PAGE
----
Scientists develop ultra-thin solar cells

Apr 04, 2012
Sub-2-μm-thick organic solar cells. (a) Scheme of the ultra-light and flexible organic solar cell. The layer thicknesses are drawn to scale. (b) Extreme bending flexibility demonstrated by wrapping a solar cell around a 35-μm-radius human hair. Scale bar (also in c,d) 2 mm. (c) Stretchable solar cells made by attaching the ultrathin solar cell to a pre-stretched elastomer. They are shown flat (left) and at 30% (middle) and 50% (right) quasi-linear compression. (d) The device attached to the elastomeric support, under three-dimensional deformation by pressure from a 1.5 mm-diameter plastic tube. (e) SEM image of the PET surface of the solar cell in compressed state. The radius of curvature for the shown wrinkles is estimated to be on the order of 10 μm. Scale bar 500 μm. Image (c) Nature Communications 3, Article number: 770 doi:10.1038/ncomms1772

Austrian and Japanese researchers on Wednesday unveiled solar cells thinner than a thread of spider silk that are flexible enough to be wrapped around a single human hair.

The thin-film device, comprising on a plastic foil, is about 1.9 micrometers thick, a tenth the size of the thinnest currently available, the researchers said.

"The total thickness of this device is less than a typical thread of ," the researchers said in a report carried by online science journal Nature Communications.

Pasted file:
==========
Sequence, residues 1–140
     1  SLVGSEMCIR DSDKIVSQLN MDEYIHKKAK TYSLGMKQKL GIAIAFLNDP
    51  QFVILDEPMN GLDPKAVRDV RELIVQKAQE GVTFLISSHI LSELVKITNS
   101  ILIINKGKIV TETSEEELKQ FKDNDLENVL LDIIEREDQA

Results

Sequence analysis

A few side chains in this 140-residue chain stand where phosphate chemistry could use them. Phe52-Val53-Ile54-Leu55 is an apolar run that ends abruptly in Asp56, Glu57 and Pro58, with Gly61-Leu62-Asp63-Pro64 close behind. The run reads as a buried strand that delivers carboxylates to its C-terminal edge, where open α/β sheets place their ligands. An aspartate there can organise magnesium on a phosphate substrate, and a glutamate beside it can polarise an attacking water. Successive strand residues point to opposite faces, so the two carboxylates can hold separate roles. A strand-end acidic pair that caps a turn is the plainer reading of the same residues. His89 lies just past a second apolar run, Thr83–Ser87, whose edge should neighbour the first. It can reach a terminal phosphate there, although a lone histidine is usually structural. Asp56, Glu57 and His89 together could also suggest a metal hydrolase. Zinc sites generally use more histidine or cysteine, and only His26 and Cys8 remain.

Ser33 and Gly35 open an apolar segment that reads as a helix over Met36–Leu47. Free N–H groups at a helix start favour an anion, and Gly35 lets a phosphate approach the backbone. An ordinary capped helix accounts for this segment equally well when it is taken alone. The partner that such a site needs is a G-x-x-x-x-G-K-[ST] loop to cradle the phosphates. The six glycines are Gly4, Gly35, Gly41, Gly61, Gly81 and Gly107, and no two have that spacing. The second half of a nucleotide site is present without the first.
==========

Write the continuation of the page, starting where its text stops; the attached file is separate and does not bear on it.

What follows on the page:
"Being ultra-thin means you don't feel its weight and it is elastic," said one of the researchers, Tsuyoshi Sekitani from the University of Tokyo.

"You could attach the device to your clothes like a badge to collect electricity (from the sun)... Elderly people who might want to wear sensors to monitor their health would not need to carry around batteries," Sekitani told AFP.

This undated recent picture, released by Nature Communications shows a thick ultrathin solar cell device attached to a elastomeric support, under three-dimensional deformation by pressure from a plastic tube, developed by a team of Austrian and Japanese scientists. These solar cells are thinner than a thread of spider silk and flexible enough to wrap around a single human hair.

The research was done jointly by Martin Kaltenbrunner, Siegfried Bauer and other researchers from University of Austria as well as Sekitani and other contributors from University of Tokyo.

Sekitani said it was possible to make the cells bigger.

"Power generation by solar cells increases with their size. As this device is soft, it is less prone to damage by bending even if it gets bigger," he said.

Sekitani said the team hoped to increase the rate at which the device converts sunlight into electricity and put it to practical use in around five years.

Explore further: US urged to drop India WTO case on solar

More information: Ultrathin and lightweight organic solar cells with high flexibility, Nature Communications 3, Article number: 770 doi:10.1038/ncomms1772

Abstract